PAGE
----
For that reason, the U.S. Environmental Protection Agency is reaching out to non-scientists with workshops and publications to brief them on the potential and perils of these new devices.
Interest in do-it-yourself air testing is so high that an EPA web-based “toolbox” offering guidance on using the low-cost monitors is one of the most frequently visited webpages created by the agency’s Office of Research and Development, said Ron Williams, a research chemist who is among the federal staff evaluating new sensors and reaching out to users.
The new sensors, produced in multiple countries and marketed globally, cost roughly $100 to $300. The handheld sensors may measure just one pollutant, said Williams, who works in the EPA’s National Exposure Research Laboratory in Research Triangle Park. Traditional, larger units can cost up to $10,000, are not easily moved, and can detect multiple toxins or chemicals that produce toxins in the atmosphere.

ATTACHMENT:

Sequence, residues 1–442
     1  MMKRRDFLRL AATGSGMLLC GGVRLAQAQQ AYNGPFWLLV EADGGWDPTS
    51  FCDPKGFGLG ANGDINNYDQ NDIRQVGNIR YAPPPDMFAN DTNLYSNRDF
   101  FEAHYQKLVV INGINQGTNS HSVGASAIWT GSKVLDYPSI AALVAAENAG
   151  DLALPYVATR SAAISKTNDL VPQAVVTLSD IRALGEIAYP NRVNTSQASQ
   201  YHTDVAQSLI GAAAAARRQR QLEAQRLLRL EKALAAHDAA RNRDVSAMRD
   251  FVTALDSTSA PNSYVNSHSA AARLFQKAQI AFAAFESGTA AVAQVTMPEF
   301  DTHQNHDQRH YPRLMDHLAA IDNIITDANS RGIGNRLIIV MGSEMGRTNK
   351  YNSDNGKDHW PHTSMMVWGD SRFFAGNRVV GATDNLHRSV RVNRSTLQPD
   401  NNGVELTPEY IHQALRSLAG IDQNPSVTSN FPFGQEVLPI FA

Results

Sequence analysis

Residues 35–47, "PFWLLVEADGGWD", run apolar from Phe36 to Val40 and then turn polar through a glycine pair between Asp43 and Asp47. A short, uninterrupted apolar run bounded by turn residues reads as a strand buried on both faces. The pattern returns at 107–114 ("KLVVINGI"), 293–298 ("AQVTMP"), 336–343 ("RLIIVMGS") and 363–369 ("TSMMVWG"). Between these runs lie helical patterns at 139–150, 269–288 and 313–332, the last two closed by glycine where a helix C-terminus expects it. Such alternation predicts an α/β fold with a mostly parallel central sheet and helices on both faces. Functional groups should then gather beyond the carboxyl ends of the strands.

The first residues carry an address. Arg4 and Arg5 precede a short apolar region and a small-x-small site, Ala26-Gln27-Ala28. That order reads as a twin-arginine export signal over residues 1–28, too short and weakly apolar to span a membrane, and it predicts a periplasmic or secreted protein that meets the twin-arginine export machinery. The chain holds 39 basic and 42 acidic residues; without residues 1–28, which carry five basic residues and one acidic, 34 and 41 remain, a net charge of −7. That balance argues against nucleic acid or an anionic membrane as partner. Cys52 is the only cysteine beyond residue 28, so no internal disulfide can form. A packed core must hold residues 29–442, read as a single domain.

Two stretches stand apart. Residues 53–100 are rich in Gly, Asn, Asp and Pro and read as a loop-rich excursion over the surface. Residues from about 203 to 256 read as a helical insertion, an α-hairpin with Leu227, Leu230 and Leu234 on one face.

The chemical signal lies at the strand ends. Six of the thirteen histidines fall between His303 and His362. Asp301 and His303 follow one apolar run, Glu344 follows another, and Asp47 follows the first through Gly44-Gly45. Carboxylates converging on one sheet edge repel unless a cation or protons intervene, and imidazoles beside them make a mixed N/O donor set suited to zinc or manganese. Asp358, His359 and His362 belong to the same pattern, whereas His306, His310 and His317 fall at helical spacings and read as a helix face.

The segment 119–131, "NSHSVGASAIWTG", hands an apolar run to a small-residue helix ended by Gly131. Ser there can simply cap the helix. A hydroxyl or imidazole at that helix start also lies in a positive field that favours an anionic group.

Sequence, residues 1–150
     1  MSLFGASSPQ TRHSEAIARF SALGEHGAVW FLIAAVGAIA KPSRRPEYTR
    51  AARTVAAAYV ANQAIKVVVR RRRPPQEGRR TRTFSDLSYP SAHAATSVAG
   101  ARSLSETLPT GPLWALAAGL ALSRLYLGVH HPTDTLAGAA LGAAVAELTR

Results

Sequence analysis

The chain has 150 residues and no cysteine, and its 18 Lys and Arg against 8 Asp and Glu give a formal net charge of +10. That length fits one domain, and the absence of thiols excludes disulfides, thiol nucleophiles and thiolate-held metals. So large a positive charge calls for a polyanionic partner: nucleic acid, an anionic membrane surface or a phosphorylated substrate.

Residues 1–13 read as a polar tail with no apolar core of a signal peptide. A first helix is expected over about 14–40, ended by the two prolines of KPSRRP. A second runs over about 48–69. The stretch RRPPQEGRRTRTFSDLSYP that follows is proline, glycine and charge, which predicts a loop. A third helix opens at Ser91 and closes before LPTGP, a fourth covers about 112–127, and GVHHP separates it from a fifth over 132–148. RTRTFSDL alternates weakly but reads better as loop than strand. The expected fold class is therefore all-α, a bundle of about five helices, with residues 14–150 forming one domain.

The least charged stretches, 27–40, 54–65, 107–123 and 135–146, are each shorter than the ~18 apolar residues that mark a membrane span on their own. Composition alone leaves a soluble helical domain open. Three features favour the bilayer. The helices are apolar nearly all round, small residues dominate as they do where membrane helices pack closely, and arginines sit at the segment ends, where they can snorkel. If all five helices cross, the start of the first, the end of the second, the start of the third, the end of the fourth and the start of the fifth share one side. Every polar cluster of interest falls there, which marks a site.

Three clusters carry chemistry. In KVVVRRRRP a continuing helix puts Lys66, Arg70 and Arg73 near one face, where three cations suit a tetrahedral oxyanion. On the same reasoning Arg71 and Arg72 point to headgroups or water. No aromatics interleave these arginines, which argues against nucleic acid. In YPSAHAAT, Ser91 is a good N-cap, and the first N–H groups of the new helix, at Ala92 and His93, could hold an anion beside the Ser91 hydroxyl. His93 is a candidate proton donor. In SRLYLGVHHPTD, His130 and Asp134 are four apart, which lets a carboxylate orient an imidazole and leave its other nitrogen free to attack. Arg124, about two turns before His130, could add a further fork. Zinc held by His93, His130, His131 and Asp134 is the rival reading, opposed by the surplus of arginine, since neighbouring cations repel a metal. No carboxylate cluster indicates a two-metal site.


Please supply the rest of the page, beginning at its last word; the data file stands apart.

People need to understand what they are buying and whether a sensor is right for their projects. To help, EPA is also evaluating the new devices in field studies and posting findings online. No industry program is yet assessing the performance of these products, even though they are being produced in the United States, Europe and Asia.
“There is an explosion of groups trying to develop and market these types of monitors,” Williams said.
Making the most of devices
By any assessment, air pollution is a complex area, Williams said, and people measuring pollutants in any context need to develop a degree of expertise.
The EPA has maximum permissible levels for multiple contaminants known to make people sick, including ozone, which is produced near the ground when hydrocarbons and nitrogen oxide gases interact. The agency also has established levels for minuscule clumps of soot called particulate matter, carbon monoxide, nitrogen dioxide, sulfur dioxide and lead.